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Puzzle Games (Games) Entertainment Games

Indie Developers Show They've Got Game 15

Thanks to Wired News for their article discussing the continuing rise to prominence of high-quality independent games. The successes are pinpointed: "Determined independents are making it in the game business. Where they're making their mark - and profits - is on the PC, through creative Net-based distribution, and in genres and with audiences that the mainstream game industry typically ignores or has left behind", and the article explains how companies like PopCap Games are actually making money nowadays, with "'deluxe' downloadable versions of their games that... offer additional features, such as additional game modes, better graphics and music, as well as the ability to play offline."
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Indie Developers Show They've Got Game

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  • That's it? (Score:5, Informative)

    by whoda ( 569082 ) on Friday July 25, 2003 @01:27AM (#6529816) Homepage
    Puzzle games are the best example they could find? What about SOLDAT [cyberion.pl]?
    • Re:That's it? (Score:2, Insightful)

      by slusich ( 684826 )
      Puzzle games are the best example because they are the most common. A small company with a limited budget can produce a puzzle game quickly and cheaply - and if the game is addictive enough they will do quite well with it. I'd love to see more small companies creating games like SOLDAT, but it isn't likely that will happen on any large scale.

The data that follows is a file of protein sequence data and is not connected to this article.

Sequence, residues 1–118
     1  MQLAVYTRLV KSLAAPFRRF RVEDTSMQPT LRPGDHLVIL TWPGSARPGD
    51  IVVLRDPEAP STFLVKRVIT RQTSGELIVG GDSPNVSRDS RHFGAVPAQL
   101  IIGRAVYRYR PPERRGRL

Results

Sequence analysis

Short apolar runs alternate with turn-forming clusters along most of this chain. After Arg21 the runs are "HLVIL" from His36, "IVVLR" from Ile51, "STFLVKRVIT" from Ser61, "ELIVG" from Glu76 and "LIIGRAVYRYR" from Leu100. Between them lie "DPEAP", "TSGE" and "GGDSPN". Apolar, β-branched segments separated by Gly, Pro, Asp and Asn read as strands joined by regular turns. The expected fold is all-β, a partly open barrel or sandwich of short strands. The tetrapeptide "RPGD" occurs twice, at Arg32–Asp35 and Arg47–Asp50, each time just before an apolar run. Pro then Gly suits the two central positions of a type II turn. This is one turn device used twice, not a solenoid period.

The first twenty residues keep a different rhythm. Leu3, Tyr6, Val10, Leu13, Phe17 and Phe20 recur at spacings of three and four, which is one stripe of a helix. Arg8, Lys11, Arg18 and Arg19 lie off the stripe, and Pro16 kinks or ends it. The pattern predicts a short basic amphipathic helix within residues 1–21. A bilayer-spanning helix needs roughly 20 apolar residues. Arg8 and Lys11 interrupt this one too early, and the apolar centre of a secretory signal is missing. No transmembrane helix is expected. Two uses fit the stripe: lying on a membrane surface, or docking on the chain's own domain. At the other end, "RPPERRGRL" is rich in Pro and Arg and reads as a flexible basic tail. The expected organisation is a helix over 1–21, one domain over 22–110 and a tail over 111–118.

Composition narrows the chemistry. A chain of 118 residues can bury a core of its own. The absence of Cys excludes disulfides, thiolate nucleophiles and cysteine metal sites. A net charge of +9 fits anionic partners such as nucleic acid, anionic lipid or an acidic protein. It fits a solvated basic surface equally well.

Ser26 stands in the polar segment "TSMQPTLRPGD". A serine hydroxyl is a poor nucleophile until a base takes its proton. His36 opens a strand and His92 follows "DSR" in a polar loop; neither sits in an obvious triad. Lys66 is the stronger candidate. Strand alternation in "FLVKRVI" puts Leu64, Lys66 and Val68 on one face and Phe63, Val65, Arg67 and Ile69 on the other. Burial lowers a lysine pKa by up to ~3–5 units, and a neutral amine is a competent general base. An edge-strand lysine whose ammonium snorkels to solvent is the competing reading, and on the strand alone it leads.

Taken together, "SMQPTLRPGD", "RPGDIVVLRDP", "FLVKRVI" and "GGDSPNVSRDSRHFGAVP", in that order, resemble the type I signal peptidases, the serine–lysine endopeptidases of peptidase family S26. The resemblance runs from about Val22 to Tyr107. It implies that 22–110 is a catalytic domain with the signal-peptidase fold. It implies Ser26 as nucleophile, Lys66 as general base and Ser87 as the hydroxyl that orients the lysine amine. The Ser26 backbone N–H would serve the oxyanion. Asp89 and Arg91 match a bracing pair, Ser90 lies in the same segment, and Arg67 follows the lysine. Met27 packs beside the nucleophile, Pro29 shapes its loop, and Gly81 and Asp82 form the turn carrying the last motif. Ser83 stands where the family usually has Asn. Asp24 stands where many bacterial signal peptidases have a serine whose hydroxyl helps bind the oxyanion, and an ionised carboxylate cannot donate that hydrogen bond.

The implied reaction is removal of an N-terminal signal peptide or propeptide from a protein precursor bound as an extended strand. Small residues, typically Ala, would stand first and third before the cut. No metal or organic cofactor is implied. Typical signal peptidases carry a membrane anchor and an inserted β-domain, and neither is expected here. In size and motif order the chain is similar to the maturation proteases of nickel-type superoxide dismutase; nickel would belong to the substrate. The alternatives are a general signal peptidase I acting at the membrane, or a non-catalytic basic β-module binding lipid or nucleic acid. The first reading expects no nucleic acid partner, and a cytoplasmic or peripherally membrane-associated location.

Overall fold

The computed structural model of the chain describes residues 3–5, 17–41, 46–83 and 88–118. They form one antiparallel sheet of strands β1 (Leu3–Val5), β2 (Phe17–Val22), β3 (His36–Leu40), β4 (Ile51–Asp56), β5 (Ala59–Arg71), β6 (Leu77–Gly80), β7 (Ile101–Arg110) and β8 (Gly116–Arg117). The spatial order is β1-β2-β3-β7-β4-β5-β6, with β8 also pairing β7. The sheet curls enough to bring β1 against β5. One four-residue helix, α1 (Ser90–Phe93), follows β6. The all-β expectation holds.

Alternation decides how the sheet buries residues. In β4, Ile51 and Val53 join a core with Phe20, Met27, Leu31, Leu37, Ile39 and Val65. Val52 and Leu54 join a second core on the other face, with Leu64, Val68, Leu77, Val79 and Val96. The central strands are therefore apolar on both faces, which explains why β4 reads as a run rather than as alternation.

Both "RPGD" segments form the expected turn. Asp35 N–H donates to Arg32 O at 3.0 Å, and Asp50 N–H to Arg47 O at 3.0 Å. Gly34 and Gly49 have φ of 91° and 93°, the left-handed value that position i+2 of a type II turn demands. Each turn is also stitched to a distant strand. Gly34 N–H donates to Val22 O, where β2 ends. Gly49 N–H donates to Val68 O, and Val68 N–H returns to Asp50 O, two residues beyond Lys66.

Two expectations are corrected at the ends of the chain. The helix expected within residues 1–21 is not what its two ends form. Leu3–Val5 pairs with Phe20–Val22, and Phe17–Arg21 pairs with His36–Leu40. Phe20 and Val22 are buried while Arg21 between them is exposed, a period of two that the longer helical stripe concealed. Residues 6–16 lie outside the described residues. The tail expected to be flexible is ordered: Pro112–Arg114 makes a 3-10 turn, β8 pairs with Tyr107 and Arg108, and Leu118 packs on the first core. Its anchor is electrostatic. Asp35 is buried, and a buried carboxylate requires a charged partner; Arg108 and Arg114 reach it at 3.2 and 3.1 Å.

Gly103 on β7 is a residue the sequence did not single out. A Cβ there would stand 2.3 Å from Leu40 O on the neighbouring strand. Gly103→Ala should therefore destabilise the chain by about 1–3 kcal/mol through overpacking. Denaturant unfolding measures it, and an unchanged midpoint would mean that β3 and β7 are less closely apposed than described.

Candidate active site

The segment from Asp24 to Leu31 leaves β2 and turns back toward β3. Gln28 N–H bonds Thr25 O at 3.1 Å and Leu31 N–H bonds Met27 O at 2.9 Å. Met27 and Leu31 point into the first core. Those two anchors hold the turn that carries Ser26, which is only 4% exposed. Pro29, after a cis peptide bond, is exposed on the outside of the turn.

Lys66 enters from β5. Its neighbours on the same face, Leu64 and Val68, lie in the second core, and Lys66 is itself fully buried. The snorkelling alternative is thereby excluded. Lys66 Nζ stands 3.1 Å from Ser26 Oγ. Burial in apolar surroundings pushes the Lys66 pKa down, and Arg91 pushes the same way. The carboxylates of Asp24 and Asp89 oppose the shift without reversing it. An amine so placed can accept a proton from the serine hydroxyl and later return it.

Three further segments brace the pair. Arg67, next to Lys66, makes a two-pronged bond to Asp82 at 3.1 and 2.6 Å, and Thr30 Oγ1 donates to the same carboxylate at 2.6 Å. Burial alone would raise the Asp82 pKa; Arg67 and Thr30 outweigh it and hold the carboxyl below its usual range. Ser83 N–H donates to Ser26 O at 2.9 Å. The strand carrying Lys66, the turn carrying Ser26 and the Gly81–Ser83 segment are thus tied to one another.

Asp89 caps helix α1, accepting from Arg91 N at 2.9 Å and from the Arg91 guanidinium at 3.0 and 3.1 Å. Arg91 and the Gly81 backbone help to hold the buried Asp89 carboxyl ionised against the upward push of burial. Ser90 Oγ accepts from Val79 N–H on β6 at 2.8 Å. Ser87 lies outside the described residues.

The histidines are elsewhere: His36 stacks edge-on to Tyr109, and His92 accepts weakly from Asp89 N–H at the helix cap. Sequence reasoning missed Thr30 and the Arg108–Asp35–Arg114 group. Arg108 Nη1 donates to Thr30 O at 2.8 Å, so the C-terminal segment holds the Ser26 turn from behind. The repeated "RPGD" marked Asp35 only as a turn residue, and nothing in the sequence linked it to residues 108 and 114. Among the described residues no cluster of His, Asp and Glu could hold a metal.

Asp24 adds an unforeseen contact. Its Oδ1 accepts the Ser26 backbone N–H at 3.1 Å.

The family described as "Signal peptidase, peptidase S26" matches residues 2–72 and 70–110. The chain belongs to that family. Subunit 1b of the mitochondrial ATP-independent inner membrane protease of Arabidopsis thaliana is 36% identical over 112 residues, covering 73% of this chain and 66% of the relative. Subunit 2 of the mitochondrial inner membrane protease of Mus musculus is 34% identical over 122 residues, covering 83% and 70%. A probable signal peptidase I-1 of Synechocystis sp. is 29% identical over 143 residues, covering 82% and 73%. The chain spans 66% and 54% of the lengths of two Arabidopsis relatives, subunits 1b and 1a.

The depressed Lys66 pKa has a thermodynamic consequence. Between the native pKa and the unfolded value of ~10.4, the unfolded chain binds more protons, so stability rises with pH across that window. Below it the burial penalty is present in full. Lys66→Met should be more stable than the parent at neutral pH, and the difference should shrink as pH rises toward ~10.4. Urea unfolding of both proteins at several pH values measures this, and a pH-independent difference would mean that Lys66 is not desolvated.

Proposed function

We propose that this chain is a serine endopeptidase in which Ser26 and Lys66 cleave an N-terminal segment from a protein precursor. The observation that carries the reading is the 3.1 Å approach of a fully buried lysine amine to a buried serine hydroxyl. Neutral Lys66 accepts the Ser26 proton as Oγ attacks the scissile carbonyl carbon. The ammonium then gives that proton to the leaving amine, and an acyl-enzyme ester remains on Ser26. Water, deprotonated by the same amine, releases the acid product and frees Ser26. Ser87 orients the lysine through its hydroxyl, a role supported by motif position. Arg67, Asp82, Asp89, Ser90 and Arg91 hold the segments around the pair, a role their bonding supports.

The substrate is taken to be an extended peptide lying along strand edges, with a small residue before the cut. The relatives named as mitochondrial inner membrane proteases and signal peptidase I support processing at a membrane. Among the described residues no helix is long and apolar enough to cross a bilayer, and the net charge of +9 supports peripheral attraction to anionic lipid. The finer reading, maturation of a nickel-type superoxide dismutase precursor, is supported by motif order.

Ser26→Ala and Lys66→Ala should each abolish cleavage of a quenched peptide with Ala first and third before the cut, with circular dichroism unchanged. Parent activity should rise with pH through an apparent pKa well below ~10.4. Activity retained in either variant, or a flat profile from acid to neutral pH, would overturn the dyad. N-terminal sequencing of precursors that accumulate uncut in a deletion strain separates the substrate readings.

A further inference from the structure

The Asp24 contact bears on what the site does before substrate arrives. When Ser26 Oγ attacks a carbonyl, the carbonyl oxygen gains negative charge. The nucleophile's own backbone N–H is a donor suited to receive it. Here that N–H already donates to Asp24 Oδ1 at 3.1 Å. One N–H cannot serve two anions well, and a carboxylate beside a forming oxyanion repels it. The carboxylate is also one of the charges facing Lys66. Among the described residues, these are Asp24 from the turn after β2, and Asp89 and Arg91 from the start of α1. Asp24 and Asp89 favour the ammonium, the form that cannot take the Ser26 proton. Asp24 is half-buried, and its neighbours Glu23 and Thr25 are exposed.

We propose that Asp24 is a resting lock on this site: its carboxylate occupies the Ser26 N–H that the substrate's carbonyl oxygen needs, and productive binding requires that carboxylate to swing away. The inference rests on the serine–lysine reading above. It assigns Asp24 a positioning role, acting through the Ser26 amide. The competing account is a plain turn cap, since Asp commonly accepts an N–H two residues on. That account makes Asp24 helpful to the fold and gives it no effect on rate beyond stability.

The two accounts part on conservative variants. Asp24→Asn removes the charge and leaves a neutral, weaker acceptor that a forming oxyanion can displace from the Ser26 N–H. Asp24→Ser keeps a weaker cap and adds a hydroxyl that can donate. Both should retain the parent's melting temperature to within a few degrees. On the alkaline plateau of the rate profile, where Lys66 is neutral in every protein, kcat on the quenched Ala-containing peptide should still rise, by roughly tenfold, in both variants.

• Big Time Software (Score:5, Informative)

    by Rxke ( 644923 ) on Friday July 25, 2003 @02:37AM (#6530007) Homepage
    Good eample of a succesful game: 'Combat Mission:Beyond Overlord' Found their demo yeaaaaars ago on a CD with shareware/free games/demostuff. They called it something like 'realtime-turn-based-wargame' Thinking, 'yea right ,another one of those badly written, boring things,' but startded it up anyway.... And lost hours, days, weeks, months of my life playing it (bought the full version on the net of course) This thing is a real 3-D campaign- turn-based-blahblahblah. You just have to see it to believe it. The setting is WWII Europe, and it's really beautifully implemented, with a lot of attention to historical accurracy.Those guys went into a lot of trouble to make their infantry, tanks, vehicles, terrains as good as they could, and that's nearly perfect. Seen a lot of commercial stuff that can't touch it. Nice thing is, you plot the course of action, but your units react 'intelligent,' for instance if you order them to run through open land, and they get shot at, they scramble for cover, often ignoring your commands to a degree. (They WILL try to continue, but often they search for a more protected course. Sometimes they panic, and then you can't order them around anymore before they get their wits together again...So you have to calculate these kind of things in before you go into action, just like a real commander would. Later they made a follow-up, 'beyond barbarossa, depicting the germans against the soviet-union'. awesome. Admittedly the guys are a bit crazy, doing all that work to get every detail right, but that makes it such a deep game. Multiplayer capability, a big crowd of users who make new skins et.c. An operation editor et.c. et.c. One word : Battlefront.com
  • This is almost the same as this [slashdot.org] /. story.
  • I wish someone would port PopCap's Typer Shark Deluxe to the GameCube. They could offer it in a bundle with a GameCube keyboard.